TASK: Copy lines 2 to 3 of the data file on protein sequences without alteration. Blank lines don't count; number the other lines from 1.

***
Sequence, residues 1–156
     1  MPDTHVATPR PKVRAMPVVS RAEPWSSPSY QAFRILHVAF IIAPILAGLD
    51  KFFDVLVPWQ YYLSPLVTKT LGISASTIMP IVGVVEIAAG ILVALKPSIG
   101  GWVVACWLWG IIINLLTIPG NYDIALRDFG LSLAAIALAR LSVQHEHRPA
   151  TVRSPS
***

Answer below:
     1  MPDTHVATPR PKVRAMPVVS RAEPWSSPSY QAFRILHVAF IIAPILAGLD
    51  KFFDVLVPWQ YYLSPLVTKT LGISASTIMP IVGVVEIAAG ILVALKPSIG